Wait… who is the first-year undergraduate? Dawkins? Or Michael Ruse…

Like every first-year undergraduate in philosophy, Dawkins thinks he can put to rest the causal argument for God’s existence. If God caused the world, then what caused God? Of course the great philosophers, Anselm and Aquinas particularly, are way ahead of him here. They know that the only way to stop the regression is by making God something that needs no cause. He must be a necessary being. This means that God is not part of the regular causal chain but in some sense orthogonal to it. He is what keeps the whole business going, past, present and future, and is the explanation of why there is something rather than nothing.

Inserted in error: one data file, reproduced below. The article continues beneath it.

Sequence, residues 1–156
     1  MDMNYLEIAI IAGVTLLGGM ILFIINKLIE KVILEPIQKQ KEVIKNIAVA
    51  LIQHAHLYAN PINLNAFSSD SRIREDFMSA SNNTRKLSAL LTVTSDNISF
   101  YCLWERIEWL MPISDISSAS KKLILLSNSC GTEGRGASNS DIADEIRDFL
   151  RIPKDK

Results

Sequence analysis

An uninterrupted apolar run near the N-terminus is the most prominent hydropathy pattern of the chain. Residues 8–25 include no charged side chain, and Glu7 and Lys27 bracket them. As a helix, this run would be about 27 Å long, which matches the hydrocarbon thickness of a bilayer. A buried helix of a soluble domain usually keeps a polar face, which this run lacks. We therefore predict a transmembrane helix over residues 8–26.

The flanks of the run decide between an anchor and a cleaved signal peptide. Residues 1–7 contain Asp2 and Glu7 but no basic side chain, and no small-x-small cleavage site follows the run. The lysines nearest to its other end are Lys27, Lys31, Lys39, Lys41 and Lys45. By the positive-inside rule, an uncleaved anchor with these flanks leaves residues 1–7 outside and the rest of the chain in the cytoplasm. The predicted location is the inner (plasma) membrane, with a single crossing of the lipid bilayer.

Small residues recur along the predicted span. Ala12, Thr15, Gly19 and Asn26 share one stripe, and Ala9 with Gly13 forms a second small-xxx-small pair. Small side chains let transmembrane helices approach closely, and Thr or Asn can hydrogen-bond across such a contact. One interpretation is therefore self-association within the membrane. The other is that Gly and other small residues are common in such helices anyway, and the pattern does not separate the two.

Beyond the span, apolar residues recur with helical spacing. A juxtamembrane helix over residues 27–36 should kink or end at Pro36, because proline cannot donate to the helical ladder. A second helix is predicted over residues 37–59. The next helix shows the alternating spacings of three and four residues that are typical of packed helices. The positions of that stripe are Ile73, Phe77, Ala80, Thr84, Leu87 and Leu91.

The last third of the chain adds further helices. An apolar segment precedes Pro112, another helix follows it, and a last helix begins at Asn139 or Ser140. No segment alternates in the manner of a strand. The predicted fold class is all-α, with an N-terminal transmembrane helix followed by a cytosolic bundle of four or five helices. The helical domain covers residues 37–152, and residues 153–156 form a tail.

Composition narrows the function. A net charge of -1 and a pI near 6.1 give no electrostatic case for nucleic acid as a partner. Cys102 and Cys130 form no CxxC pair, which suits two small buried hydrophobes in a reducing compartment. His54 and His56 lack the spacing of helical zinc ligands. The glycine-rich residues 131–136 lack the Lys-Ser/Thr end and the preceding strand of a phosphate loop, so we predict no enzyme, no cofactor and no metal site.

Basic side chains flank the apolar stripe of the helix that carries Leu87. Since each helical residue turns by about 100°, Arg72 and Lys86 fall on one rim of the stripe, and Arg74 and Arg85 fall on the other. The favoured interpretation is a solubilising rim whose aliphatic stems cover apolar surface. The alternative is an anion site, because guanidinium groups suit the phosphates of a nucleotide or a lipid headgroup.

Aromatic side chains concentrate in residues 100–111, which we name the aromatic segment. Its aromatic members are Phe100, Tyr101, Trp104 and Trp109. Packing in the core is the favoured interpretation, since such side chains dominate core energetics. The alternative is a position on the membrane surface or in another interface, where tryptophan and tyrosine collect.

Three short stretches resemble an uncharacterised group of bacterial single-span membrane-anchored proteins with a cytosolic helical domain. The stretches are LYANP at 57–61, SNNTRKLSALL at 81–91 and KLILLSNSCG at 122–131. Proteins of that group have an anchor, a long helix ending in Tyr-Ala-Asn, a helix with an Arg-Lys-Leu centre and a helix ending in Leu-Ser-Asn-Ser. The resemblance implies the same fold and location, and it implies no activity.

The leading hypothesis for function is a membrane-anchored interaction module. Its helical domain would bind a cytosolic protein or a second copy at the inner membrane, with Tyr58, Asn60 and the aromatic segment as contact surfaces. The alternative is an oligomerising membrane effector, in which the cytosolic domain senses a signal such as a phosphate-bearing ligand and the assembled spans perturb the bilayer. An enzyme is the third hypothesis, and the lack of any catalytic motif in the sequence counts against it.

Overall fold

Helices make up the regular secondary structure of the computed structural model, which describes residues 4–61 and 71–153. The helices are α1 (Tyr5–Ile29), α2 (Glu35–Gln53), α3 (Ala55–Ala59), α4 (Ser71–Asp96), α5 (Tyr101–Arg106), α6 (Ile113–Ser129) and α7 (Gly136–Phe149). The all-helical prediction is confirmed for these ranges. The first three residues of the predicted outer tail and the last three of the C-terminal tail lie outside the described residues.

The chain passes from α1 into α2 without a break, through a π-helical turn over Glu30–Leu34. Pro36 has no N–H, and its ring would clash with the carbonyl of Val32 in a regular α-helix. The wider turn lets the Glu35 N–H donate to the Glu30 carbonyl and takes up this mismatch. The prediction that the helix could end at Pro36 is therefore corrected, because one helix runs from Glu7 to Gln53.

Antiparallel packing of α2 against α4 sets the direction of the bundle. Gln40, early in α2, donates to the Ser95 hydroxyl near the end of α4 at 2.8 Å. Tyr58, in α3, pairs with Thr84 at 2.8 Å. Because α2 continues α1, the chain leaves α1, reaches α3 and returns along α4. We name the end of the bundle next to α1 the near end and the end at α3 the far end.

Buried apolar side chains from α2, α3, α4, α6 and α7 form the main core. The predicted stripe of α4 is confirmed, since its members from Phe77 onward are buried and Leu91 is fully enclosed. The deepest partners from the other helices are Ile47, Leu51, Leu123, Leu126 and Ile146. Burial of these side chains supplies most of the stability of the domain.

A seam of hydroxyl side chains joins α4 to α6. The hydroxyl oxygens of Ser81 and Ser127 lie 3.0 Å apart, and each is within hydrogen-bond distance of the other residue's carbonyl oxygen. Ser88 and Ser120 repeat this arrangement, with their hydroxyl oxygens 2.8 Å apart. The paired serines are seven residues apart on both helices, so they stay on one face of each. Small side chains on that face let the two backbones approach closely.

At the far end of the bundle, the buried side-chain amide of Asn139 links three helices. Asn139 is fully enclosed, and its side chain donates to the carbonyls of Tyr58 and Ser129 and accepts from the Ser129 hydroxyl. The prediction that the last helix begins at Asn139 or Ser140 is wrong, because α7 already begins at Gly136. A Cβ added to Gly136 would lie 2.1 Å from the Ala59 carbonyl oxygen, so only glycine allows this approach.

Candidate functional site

I thought “appealing to authority rather than reasonable argument” was the mistake every first-year philosophy major made?  I love that sentence that starts, “They know…”  It really reads: They knew (through reasonable argument) that Dawkins’s argument was right, so (desperately) they simply asserted what they wanted… without any reasonable argument.  And they stuck their tongues out and said “nyah nyah.”

via Does Evolution Explain Religious Beliefs? – NYTimes.com.

About mkevane

Economist at Santa Clara University and Director of Friends of African Village Libraries.
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